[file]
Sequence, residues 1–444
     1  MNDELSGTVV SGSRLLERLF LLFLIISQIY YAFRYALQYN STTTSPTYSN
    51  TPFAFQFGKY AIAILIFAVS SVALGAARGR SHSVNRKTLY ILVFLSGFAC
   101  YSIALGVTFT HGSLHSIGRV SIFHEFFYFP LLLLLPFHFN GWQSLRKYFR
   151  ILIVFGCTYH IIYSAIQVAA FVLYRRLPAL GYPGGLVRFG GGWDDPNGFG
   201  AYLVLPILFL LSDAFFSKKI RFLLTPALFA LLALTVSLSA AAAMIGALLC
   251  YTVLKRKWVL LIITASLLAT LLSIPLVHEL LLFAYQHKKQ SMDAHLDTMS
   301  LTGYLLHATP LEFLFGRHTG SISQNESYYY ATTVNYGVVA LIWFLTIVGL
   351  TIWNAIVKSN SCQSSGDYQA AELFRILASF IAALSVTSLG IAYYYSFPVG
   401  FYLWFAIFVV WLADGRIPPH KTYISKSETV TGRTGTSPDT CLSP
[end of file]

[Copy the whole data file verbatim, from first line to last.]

Sequence, residues 1–444
     1  MNDELSGTVV SGSRLLERLF LLFLIISQIY YAFRYALQYN STTTSPTYSN
    51  TPFAFQFGKY AIAILIFAVS SVALGAARGR SHSVNRKTLY ILVFLSGFAC
   101  YSIALGVTFT HGSLHSIGRV SIFHEFFYFP LLLLLPFHFN GWQSLRKYFR
   151  ILIVFGCTYH IIYSAIQVAA FVLYRRLPAL GYPGGLVRFG GGWDDPNGFG
   201  AYLVLPILFL LSDAFFSKKI RFLLTPALFA LLALTVSLSA AAAMIGALLC
   251  YTVLKRKWVL LIITASLLAT LLSIPLVHEL LLFAYQHKKQ SMDAHLDTMS
   301  LTGYLLHATP LEFLFGRHTG SISQNESYYY ATTVNYGVVA LIWFLTIVGL
   351  TIWNAIVKSN SCQSSGDYQA AELFRILASF IAALSVTSLG IAYYYSFPVG
   401  FYLWFAIFVV WLADGRIPPH KTYISKSETV TGRTGTSPDT CLSP